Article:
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Coachella 2013: Ensnared by TNGHT, Purity Ring

Coachella
2013

April 13, 2013|By August Brown
  • TNGHT performs Friday at the Coachella Music and Arts Festival.
TNGHT performs Friday at the Coachella Music and Arts Festival. (Luis Sinco / Los Angeles…)

What's the most important instrument of contemporary beat music? A thumping kick drum? An oxygen-sucking bass line? A tastefully choppy vocal edit?

Nope. It's something much simpler: an 808 snare drum.

Two acts playing back-to-back sets in the Gobi smashed up hip-hop beat making, experimentalist noise samples and a mix of goth moods and party-hard pheromones. But TNGHT and Purity Ring each got through purposefully gratuitous smacks of digital snares. 

COACHELLA 2013: What to see and do | Timeline | Full coverage

For the last year or so, the Southern sound of "trap music" has been the default mode of smart hip-hop and producers winding their way out of dubstep. Instead of merciless bass drops, the sound hovers in the higher registers, clattering along on military-style snares and quarter-note claps, punctuated by looming bass drums at the big moments.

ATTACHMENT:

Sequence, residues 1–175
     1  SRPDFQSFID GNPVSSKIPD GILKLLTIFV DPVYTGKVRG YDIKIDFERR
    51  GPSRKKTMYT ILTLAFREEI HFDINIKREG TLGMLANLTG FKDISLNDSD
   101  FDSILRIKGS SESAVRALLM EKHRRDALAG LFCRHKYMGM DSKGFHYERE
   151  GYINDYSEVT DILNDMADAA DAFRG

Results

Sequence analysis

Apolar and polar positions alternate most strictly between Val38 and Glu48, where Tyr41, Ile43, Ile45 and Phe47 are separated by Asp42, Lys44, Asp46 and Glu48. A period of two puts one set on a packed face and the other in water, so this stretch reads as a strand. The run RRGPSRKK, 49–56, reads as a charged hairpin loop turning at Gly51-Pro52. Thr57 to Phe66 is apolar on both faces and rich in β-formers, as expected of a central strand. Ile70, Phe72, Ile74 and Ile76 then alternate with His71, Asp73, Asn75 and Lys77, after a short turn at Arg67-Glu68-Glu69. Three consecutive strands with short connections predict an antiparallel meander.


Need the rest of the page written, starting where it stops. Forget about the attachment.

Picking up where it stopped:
TNGHT, the Montreal-Glasgow duo of Lunice and Hudson Mohawke, has roots in the Warp Records sonic-alchemist scene, but the group (and especially Mohawke) has crossed over into mainstream hip-hop with productions for Kanye West and a new deal with his G.O.O.D. Music crew.

In the Gobi, they didn't need any grand visuals to make their point. Songs veered from martial clatter to alien creaks of noise, staying danceable but finding as many ways as they could to subvert it. When they dropped their own edit of West's "Cold," the small tent took on an outsized swagger.

COACHELLA 2013: What to see and do | Timeline | Full coverage

Purity Ring is another duo that took the sonics of hip-hop drums, but deployed them to entirely different ends. They're a little bit goth, a little shoegazey and a little hipster-cute, but the main sound that drives them is that familiar trebly smack. Where TNGHT used it to build tension and taunt, Purity Ring uses it like salt and pepper -- there's no flavor of music that doesn't sound better with a sprinkle of it.

Purity Ring did have a very attractive light rig that looked like they were being swallowed by an IKEA bendy lamp fixture. Their singles are just a little too obscurist to have a future pop breakout like Ellie Goulding or Chvrches, but as long as they have their snares, they've found a very zeitgeisty sound.

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